Target has lost $10 billion in market value in the past 10 days as the popular retailer continues to face setbacks in its Pride-themed clothing line for children.
A week ago on Wednesday, Target’s stock hit a high of $160.96, but following calls for the Minneapolis-based retailer to boycott its “PRIDE” collection, the stock fell to close at $138.93 a share on Friday.
A more than 22% drop in value for the blue-chip stock reduced an estimated $10.1 billion loss to just $64.2 billion for Target, which has nearly 2,000 stores nationwide.
The drop was the retailer’s lowest share price in nearly three years. The last time the company saw such a big drop was in 2022, when the stock leveled off following an unprecedented surge during the Covid pandemic.
Caught in the middle of America’s culture wars over gender, Target last week moved its Pride section from the front in some Southern stores.
The retailer also said it was removing items from the collection, but did not specify which ones. Among the most attention-grabbing are “duck-friendly” women’s swimsuits that allow trans people who don’t perform gender-affirming activities to cover their private parts, as well as rainbow-themed children’s clothing.
Many have compared the conservative boycott of Target to Bud Light — which saw sales decline after partnering with transgender influencer Dylan Mulvaney — Texas Sen. Ted Cruz doubted the backlash against the retailer would have an impact.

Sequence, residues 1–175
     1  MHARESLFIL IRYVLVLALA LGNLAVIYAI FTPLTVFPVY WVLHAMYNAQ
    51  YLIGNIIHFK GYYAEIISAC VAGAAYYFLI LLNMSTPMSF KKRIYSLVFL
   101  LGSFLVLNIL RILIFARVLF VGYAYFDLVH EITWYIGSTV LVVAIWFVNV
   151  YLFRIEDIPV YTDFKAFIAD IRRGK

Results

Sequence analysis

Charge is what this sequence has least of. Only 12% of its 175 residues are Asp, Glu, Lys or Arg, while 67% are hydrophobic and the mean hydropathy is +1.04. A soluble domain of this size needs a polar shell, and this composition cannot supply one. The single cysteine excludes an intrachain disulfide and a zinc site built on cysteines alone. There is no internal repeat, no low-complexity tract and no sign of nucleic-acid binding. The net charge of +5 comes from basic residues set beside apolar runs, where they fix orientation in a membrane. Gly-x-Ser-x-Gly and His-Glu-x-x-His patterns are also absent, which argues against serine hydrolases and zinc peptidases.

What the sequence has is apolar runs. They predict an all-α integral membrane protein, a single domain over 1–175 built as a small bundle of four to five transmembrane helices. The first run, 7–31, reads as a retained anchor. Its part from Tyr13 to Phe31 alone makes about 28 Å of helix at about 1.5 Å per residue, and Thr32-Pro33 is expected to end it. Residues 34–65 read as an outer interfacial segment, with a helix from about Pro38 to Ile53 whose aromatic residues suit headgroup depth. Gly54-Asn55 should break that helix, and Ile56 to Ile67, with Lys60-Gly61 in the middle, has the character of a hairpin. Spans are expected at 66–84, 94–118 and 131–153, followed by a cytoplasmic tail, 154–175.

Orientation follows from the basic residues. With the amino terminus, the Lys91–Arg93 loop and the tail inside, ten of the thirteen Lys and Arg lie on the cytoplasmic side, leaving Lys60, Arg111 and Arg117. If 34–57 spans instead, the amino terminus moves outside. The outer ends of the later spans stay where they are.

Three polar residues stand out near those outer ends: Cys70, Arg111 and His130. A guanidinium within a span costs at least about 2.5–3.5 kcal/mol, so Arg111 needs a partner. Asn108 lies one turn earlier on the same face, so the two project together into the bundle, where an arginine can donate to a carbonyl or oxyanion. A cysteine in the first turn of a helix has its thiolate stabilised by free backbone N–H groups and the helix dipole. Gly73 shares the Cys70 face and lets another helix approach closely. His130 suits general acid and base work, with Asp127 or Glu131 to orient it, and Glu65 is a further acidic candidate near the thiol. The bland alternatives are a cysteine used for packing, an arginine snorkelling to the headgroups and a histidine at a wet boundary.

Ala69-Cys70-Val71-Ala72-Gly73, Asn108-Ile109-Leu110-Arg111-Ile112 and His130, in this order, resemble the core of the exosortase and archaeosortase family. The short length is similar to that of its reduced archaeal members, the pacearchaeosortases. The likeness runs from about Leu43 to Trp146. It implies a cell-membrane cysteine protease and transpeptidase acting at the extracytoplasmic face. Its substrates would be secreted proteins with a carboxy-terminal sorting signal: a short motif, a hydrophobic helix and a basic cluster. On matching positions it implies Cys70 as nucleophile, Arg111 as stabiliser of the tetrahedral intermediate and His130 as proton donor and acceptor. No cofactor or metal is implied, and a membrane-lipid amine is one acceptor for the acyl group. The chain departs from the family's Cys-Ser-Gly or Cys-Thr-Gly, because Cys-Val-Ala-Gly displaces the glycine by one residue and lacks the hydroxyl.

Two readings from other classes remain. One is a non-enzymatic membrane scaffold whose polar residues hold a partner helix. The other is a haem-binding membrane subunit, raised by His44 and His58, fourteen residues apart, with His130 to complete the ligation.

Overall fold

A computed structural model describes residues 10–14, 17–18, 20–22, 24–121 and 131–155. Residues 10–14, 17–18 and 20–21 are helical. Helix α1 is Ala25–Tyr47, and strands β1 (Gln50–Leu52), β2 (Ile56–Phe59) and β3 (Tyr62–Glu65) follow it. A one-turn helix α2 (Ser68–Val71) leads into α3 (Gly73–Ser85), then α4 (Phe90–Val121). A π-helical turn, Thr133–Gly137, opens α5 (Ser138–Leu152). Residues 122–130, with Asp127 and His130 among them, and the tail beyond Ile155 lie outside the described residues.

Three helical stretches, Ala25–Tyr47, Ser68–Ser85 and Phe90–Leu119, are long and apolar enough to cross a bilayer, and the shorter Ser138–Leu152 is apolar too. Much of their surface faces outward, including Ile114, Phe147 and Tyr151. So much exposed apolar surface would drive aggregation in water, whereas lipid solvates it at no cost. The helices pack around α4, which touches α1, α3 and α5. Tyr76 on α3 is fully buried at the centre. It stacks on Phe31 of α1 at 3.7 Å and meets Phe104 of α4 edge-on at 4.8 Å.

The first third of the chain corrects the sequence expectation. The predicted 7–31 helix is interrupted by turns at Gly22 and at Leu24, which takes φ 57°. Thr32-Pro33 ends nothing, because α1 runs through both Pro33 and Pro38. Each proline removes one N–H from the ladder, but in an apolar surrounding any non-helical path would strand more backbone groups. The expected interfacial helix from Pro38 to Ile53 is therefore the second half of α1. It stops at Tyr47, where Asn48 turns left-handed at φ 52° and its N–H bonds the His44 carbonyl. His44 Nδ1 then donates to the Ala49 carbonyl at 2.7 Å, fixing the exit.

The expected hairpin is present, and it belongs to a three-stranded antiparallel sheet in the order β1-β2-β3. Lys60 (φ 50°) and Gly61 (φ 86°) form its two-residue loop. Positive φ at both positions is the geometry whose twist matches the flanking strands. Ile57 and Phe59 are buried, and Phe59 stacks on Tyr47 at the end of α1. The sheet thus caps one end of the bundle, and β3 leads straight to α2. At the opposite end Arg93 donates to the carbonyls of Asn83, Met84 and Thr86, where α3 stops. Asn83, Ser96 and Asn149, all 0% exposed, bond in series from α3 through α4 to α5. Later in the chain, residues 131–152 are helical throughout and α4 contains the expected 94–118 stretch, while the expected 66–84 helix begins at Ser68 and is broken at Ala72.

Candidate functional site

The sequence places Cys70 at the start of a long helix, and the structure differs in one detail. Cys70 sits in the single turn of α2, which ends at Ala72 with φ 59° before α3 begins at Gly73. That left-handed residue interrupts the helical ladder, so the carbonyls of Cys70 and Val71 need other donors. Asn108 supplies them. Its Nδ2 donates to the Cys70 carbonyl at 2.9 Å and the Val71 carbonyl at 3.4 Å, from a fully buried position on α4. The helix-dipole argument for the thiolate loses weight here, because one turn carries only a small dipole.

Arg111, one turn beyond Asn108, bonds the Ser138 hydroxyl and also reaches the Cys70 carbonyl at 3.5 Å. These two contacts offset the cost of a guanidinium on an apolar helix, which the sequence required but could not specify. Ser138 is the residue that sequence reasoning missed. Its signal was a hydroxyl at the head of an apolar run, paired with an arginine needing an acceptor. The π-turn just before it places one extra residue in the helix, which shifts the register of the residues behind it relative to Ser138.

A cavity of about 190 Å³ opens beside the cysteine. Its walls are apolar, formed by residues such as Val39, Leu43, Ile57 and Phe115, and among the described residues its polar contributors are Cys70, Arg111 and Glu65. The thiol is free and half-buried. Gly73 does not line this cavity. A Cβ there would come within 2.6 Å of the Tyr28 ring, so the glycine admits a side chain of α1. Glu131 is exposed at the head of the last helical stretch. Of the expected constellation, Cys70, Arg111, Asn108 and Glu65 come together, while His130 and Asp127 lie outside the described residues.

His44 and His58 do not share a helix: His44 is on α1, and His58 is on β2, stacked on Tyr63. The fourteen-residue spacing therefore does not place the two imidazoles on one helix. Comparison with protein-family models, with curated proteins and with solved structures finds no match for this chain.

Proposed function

Speaking on his podcast Friday, the Republican said that while there are many alternatives to Anheuser-Busch’s brands, that’s not the case for Target.
Instead he compared the retailer to Disney, which faced backlash last year after speaking out against Florida’s “don’t say gay” law but continues to be a financial giant.
“You can be annoyed at Disney, but if your kids really want to go to Disney World, it’s hard to say no. There aren’t many alternatives. There are Six Flags, but Disney World is a unique offering,” Cruise said.
The Texas politician said the anti-Target efforts would soon fade away because “conservatives, historically, are generally not good at boycotts.”
Target CEO Brian Cornell supported it, saying that selling LBGTQ-friendly merchandise is “the right thing for society.”
Target did not immediately return a request for comment Sunday.